Three Poems

by Bruce Weigl Issue: Spring/Summer 2017

The World Part II

Dogwood blossoms fill
the air like snow and dust
the branches of the trees
and you have to close your eyes
to see the luminous shapes
and forms and don’t say Save me
to just any god.
We used to have a compass
in our heads when the sun
did not reach through the triple
canopy and at night no stars.
Still, your body feels
where the river is,
where the crossroads disappear
into walls of green bamboo.
Now, I don’t know where I am,
or why I brought you here
or what I had in mind,
but I’ll give you my hand to take.
I’ll reach through this unfolding.

The Sixty-sixth Winter of my Imagining

The frozen air comes early to the year,
surprising everyone with blinding snow,
the leaves still in the trees, where ghosts appear
and rattle in the branches beyond hope.
Some birds are trapped, they don’t know how to leave
now that the landscape has completely changed;
it isn’t that they feel that they should grieve
but more that things are suddenly deranged.
How many times can we be fooled when
every year it is the same, the light
pulls back so dark can take its place, pretending
everything will be alright.
Inside the coldest night our sleep is warm,
that’s how we finally die inside the storm.

On the Shores of Welcome Home

For Yusef


I want to sing an old man’s song,
the evening’s blue gray light just gone.
I want to find the immorality
of our disinterest;
it’s our business
to know the geography
of the countries
we bring misery.

First there is the flesh
or the fleshy insides of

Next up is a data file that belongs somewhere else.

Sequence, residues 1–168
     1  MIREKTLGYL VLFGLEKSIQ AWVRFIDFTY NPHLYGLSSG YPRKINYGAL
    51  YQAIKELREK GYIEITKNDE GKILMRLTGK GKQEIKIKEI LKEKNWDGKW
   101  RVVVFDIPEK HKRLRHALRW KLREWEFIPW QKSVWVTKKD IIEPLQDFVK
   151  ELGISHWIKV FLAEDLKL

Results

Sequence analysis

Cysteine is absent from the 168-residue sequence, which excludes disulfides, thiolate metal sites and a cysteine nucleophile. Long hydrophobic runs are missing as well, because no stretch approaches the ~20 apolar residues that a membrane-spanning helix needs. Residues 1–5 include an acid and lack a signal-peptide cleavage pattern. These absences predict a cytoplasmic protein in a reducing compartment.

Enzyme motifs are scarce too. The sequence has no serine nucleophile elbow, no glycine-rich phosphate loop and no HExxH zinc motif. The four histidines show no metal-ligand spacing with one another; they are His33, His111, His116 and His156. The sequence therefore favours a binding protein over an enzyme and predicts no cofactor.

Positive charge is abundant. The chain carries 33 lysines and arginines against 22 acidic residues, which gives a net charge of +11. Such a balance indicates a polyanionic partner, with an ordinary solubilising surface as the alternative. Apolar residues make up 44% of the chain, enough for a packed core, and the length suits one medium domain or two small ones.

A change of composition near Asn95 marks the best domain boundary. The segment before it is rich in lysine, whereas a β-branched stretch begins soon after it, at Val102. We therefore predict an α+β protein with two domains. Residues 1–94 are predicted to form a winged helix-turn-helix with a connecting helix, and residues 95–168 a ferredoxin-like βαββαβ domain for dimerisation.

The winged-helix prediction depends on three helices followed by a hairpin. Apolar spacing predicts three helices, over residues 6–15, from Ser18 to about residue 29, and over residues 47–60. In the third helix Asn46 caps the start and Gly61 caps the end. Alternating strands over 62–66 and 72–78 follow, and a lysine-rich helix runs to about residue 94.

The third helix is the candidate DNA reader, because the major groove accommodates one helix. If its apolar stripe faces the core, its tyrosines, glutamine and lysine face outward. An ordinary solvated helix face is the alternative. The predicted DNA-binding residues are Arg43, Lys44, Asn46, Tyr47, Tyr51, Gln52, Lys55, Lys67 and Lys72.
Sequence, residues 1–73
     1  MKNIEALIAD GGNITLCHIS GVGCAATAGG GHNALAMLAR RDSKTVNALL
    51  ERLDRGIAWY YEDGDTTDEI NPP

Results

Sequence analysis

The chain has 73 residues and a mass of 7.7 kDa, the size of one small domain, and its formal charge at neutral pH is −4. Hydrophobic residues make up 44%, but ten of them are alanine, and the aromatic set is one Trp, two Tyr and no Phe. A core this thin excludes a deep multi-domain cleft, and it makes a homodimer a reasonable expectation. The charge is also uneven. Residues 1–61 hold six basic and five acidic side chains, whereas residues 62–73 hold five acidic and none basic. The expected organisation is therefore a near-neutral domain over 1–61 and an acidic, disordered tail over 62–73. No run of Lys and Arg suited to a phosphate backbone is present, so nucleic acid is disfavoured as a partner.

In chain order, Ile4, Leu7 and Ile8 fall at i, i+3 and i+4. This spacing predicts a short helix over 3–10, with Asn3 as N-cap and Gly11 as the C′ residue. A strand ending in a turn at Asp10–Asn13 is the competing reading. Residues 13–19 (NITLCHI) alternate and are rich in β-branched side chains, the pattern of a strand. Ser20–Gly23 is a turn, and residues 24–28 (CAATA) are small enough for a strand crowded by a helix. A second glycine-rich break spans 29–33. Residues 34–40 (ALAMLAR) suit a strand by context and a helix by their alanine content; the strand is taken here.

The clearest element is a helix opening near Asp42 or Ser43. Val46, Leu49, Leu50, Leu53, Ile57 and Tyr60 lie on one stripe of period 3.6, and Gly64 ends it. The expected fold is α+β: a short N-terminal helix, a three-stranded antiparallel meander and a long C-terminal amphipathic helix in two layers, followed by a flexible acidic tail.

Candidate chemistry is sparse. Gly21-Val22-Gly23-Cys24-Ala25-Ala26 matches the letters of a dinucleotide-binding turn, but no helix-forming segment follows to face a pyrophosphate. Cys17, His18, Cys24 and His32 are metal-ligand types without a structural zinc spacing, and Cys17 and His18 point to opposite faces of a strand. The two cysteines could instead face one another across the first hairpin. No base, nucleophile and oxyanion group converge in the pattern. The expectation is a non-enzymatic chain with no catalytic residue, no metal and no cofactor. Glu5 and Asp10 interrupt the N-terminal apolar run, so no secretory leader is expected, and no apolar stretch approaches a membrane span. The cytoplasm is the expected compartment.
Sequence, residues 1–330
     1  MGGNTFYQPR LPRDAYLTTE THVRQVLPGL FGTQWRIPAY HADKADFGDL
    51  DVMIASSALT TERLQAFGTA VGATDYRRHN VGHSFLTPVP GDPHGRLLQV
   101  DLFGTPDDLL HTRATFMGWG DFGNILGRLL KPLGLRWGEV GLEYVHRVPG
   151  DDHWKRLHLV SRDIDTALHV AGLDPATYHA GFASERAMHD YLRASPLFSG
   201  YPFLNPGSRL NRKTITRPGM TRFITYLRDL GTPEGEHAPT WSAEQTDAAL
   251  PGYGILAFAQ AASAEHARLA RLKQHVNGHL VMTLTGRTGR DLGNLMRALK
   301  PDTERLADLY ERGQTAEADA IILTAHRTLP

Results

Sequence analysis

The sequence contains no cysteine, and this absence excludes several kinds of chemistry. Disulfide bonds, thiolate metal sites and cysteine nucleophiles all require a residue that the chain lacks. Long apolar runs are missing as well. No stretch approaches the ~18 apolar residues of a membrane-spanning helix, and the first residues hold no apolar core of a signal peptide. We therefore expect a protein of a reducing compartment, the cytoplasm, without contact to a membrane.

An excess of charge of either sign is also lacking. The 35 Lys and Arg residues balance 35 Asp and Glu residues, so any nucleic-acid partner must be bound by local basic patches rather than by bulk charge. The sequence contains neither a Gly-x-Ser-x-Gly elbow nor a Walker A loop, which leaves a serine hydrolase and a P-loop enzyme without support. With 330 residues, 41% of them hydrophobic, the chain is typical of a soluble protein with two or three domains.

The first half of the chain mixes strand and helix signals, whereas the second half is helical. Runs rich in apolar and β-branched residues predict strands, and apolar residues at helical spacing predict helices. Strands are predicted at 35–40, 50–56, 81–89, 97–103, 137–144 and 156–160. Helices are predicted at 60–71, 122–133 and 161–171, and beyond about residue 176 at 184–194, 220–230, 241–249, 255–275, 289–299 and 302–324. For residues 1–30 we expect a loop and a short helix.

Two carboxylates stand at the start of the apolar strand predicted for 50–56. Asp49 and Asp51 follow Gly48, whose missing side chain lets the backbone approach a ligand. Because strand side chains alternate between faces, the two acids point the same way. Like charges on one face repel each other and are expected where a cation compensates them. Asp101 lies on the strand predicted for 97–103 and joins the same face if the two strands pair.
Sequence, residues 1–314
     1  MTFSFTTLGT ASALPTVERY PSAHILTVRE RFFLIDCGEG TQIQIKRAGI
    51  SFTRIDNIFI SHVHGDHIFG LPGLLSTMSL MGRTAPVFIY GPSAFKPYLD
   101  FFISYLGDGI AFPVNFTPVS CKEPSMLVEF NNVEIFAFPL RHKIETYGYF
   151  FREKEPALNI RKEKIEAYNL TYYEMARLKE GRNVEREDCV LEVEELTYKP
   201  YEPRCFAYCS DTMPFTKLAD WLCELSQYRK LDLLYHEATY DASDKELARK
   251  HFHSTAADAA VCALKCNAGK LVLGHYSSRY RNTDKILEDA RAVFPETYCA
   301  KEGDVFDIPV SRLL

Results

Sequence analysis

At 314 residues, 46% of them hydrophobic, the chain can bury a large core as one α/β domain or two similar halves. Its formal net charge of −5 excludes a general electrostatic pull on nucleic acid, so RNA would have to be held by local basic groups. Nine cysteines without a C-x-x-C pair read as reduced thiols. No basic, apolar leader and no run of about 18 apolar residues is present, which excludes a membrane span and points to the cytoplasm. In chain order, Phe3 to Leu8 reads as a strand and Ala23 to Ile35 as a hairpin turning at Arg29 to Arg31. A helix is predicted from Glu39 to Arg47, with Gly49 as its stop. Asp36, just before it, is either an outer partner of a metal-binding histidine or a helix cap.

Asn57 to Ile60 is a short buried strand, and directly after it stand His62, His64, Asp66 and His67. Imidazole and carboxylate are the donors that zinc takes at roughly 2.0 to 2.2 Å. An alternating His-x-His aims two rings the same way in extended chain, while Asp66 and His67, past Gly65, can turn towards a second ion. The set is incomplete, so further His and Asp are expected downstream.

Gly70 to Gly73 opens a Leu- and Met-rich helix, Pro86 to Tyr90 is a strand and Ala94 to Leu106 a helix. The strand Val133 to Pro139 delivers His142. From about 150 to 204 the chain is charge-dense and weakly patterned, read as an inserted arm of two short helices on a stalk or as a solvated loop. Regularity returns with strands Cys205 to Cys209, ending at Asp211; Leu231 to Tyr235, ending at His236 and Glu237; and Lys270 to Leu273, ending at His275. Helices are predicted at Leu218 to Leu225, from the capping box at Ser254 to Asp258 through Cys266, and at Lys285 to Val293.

a thing or two
coming to the surface
in the flooded backyards; brother
do you know how it feels
not to have
enough food or water
for even your own angels
who float above the trailer park’s
cold descent,
what it means to sleep
in bone numbing pain
that comes from living a bottomless life
where even death cannot be afforded,
so far beyond a blue relief?


The moral center’s out of whack.
It may not find
its own way back
so the befuddled torturer
imagines his late dinner,
and the flesh of a single fat white larva
is sucked down the throat of a starving
man.  Don’t be befuddled too.  Don’t
pretend there’s nothing to believe in
like a cascade of flowers
thrown into the mass graves
to try and bear the smell away.
Pitch.  Ash.  Sand of bones
release me.
I shiver in my hot bed
at the mention of your name.

During moments of mortal fear and terror
in the kingdom of needs,
a clarity moves across your landscape
so that suddenly everything appears bright,
and in a stupor of amazement you see
what had been there all along.
But don’t mourn on me,
mourn on your own selves.
Flesh of chaos.  Flesh of green jungle,
rapid eye movement, rockets, mortar rounds,
voices from the bush at night, crippling,
antagonistic fear
reeling outward through the years
like a sharp wire.  Sometimes there’s
not even time to die. Trip flare light
trapped on the rain beyond all reason.

Like a virus, you can bring another country
home with you and not even know.
A country can take you so far away, you will never come back.  Brother,